Aug 29, 2008

USGS Report States Miami Water Supply at Greater Risk than Expected

Claim disputed by Miami-Dade Limestone Products Association

U.S. Geological Survey (USGS) scientists have published a report stating that Miami's public water supply from the Miami-Dade Northwest Wellfield is at risk of contamination because of the proximity of lakes created from limestone rock mining activities, according to the South Florida Business Journal.

The report and a press release were issued Aug. 27. Litigation is ongoing over the U.S. Army Corps of Engineering's mining permits in the area.

In a responding press release, the Miami-Dade Limestone Products Association described the USGS report as "flawed and irresponsible."

According to the USGS press release, in 2004 scientists conducted experiments to determine how chemical contaminants and pathogens would move through the Biscayne aquifer. A report on the results was recently published in the Geological Society of America Bulletin.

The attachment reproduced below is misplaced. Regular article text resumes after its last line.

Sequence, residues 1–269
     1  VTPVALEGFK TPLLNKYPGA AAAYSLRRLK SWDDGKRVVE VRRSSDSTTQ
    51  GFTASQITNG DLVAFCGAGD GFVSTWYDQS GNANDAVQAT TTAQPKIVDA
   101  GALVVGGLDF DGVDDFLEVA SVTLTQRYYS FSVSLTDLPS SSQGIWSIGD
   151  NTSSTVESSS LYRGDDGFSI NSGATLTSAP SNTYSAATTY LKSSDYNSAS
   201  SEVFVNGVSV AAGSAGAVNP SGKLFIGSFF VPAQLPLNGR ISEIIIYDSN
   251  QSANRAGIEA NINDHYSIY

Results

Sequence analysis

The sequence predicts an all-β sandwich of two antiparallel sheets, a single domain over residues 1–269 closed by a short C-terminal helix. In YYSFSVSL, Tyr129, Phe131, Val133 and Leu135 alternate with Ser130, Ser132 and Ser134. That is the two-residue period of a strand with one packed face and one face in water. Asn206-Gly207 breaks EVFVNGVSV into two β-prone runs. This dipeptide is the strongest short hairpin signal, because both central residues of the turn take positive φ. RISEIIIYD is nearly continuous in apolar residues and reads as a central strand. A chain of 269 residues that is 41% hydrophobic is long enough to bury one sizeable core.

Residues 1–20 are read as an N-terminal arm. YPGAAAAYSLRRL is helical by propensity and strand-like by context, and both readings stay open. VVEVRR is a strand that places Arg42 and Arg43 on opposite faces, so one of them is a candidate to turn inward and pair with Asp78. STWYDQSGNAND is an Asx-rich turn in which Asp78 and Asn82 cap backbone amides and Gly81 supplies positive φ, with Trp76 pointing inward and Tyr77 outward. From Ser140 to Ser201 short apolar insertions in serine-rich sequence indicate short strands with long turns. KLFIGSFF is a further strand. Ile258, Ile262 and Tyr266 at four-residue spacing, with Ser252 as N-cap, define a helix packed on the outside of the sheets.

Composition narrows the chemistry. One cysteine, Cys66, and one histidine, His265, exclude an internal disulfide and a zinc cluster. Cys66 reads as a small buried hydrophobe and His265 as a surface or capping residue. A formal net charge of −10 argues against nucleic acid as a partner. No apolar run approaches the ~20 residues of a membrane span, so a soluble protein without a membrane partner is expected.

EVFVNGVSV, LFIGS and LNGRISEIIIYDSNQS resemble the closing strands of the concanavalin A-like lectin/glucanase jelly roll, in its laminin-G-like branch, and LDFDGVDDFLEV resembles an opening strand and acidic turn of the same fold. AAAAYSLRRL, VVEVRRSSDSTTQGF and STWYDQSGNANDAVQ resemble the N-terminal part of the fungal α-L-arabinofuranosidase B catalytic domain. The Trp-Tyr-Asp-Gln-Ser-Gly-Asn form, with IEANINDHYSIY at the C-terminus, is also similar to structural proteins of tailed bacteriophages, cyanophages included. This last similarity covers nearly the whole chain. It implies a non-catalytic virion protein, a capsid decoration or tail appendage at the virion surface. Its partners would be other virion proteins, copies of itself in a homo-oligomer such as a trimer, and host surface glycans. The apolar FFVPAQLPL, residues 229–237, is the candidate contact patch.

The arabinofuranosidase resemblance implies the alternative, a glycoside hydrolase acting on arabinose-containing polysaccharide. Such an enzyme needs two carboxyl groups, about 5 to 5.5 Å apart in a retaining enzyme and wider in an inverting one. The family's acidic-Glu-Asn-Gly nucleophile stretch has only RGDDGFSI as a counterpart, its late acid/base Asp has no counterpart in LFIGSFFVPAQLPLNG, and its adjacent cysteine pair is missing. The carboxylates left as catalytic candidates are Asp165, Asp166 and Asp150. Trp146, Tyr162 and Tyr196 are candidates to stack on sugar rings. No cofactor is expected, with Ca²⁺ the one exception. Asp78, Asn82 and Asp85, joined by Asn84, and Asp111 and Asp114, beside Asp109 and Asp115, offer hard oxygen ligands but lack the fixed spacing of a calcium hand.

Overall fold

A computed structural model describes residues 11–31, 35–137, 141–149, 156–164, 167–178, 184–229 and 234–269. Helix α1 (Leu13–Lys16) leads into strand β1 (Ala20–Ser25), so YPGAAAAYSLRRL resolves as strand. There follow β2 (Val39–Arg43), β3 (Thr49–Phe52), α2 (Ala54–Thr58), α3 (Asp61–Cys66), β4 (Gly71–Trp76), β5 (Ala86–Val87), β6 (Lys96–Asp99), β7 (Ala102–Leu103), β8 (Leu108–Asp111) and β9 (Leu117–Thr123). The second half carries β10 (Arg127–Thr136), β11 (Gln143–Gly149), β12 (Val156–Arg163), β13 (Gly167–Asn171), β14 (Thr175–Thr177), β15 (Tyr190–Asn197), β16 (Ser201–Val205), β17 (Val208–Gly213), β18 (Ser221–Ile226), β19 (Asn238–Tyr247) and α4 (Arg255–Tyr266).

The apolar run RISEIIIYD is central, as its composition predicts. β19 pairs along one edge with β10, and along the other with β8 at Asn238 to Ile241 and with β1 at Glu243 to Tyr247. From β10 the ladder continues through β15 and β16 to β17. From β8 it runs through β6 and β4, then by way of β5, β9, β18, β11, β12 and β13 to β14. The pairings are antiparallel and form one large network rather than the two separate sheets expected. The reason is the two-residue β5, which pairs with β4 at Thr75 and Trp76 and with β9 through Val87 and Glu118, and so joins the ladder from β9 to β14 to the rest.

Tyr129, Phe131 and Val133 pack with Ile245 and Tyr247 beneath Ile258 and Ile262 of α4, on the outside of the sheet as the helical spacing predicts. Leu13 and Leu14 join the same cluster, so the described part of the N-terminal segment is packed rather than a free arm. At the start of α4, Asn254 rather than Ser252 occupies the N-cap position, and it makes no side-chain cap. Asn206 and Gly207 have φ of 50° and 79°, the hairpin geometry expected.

A tracer solution was injected into the aquifer for one hour, and the solution was still detected about a week later in public water supply wells.
"This indicates that if a contamination event occurs in the Biscayne aquifer that continues for days, weeks or months it has the potential to degrade water quality and could persist from years to decades," said Dr. Allen Shapiro, a USGS research hydrologist involved in the study, in the press release.

Of particular concern, the agency said, is the potential movement of pathogens in the groundwater, such as Cryptosporidium parvum, from limestone-rock mine lakes to the production wells.

But Kerri Barsh, an attorney representing the Limestone Products Association, responded in an Aug. 28 press release that monitoring data and a quarter-century of operations have "proven that the drinking water supply from Miami-Dade's Northwest Wellfield is, and will continue to be, safe and protected."

The USGS tests were taken into consideration by regulators years ago, Barsh pointed out. The association's press release said no Cryptosporidia have ever been detected in the mining lakes or groundwater wells. It alleges the USGS made "numerous errors," such as including unsupportable mathematical assumptions and a "seriously flawed experimental design" and using "more than one hundred times the amount of dye necessary to run a realistic test."